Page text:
The land that makes up our state today was first settled thousands of years ago by people called the “Bluff Dwellers” because they lived in caves or under bluffs in the Ozark Mountains. Other natives moved in over time that consisted of Native American tribes such as the Osage, the Caddo, and the Quapaw. Europeans arrived thereafter and explored the land, one being a Frenchman, Henri de Tonty, who built the Arkansas Post in 1686. De Tonty would become known as the “Father of Arkansas.” The Arkansas Post became a base for fur trappers that led more Europeans to move to the state. After the Louisana Purchase in 1803, Arkansas became a separate territory from Mississippi and a new capital was established at Little Rock in 1821. For more Arkansas and Little Rock history, visit these great websites:
- Little Rock Official Website
- Arkansas Official Website
- The Encyclopedia of Arkansas History & Culture
Here are a few interesting facts about the state that may get you more curious about what we have to offer:
- Established by President Theodore Roosevelt in 1907, Ouachita National Forest reigns as the oldest national forest in the South. The Ouachita Mountains are unusual in that their ridges run east to west as opposed to north to south.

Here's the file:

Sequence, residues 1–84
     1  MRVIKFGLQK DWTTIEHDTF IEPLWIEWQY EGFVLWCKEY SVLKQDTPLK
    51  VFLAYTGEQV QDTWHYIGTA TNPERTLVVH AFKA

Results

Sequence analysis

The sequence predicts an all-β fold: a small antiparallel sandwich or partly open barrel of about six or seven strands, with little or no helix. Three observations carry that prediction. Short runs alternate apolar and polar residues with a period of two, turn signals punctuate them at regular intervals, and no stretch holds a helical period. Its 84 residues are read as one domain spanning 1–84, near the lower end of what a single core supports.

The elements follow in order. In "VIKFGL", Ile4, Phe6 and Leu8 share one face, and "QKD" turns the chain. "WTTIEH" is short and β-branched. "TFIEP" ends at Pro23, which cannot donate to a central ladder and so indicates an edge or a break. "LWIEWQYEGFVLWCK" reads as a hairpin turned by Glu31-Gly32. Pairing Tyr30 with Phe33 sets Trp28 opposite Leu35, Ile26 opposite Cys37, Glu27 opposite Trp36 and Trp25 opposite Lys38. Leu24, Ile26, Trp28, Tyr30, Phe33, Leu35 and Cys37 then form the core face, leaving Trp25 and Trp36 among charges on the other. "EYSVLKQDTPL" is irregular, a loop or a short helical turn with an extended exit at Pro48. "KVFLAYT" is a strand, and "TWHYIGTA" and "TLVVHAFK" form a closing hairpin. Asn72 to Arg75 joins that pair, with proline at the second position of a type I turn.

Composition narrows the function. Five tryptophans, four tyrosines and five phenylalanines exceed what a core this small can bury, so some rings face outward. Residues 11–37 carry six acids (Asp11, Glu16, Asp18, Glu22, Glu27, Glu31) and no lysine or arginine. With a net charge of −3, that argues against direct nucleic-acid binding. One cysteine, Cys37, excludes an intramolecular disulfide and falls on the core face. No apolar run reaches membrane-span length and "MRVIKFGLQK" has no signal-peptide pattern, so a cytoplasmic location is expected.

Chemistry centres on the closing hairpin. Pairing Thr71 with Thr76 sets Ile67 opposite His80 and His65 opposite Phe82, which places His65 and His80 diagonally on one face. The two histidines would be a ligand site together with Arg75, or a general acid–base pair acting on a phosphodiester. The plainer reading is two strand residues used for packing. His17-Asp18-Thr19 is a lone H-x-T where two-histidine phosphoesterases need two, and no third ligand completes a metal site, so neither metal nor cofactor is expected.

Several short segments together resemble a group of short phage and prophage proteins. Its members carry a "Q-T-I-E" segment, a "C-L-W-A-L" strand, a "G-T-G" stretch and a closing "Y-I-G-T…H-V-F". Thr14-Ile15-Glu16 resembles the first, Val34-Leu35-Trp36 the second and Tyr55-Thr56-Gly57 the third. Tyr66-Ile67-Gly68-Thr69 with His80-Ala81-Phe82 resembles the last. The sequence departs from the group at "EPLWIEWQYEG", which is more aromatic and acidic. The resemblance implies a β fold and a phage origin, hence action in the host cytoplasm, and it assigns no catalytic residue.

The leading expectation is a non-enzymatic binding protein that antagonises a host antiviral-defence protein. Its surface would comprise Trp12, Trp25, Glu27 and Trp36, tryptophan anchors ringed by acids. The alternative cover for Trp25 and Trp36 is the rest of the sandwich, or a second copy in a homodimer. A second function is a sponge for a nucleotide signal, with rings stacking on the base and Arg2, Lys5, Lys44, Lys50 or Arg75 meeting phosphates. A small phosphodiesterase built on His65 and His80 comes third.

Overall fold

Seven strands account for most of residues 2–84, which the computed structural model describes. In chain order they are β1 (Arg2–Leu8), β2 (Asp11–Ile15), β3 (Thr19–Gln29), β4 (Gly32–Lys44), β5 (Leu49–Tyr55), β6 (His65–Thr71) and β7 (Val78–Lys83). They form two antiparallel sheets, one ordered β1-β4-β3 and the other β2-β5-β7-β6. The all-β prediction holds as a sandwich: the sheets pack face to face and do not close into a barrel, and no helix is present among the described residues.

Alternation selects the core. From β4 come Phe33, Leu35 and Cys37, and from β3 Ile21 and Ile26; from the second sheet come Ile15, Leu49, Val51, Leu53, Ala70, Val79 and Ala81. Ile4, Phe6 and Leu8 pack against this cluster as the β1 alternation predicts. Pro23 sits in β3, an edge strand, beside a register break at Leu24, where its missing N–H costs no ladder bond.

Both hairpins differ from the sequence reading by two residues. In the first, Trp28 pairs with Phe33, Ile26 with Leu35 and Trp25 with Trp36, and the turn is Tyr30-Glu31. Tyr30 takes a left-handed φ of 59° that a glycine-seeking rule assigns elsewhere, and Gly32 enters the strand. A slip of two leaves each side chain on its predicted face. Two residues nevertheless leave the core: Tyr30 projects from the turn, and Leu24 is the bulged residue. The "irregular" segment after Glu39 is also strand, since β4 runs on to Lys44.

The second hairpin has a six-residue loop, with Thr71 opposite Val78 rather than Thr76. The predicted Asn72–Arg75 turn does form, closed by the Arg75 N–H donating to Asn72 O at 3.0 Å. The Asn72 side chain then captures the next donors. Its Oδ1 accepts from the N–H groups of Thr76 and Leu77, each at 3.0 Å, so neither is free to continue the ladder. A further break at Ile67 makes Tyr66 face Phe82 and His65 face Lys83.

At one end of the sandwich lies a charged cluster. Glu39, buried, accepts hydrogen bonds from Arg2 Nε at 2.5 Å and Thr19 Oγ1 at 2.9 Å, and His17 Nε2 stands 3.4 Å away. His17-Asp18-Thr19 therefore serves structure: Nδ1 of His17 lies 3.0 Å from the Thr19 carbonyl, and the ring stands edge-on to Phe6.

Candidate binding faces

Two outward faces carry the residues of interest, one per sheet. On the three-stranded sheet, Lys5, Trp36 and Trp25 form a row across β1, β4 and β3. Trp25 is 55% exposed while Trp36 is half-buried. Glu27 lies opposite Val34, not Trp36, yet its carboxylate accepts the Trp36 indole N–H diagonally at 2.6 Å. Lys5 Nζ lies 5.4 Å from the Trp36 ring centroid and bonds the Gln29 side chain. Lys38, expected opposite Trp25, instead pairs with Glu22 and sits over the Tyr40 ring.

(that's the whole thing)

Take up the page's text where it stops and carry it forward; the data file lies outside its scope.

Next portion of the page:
- Arkansas is home to a wide array of natural resources including petroleum, natural gas, bromine and silica stone. Throughout the 20th century, the state was responsible for providing roughly 90 percent of all domestic Bauxite, from which aluminum is made.
- Although it was not officially designated a national park until 1921, the territory now known as Hot Springs National Park was originally set aside by Congress as a U.S. government reservation in 1832—40 years before Yellowstone National Park was established as the “first” national park. With an average temperature of 143 degrees Fahrenheit, the hot springs have been used for centuries as therapeutic baths.
- Following the Supreme Court ruling in Brown v. Board of Education of Topeka, which outlawed segregation in public education, Little Rock’s Central High School became a battleground in the fight for civil rights when the Arkansas National Guard denied nine African-American students entry in 1957. Weeks later, on September 25th, the students attended their first full day of school under federal troop escort ordered by President Dwight Eisenhower.
- Sam Walton founded his Wal-Mart stores in Bentonville.
- Mountain View is home to one of the largest producers of handmade dulcimers in the world.
- The first woman elected to the U.S. Senate was Hattie Ophelia Caraway, née Wyatt, a Democrat from Arkansas.
- Arkansas is the nation’s leading producer of rice and poultry and grows nearly every crop produced in the United States with the exception of citrus fruits.
- Little Rock is the home to the American Taekwondo Association National Headquarters.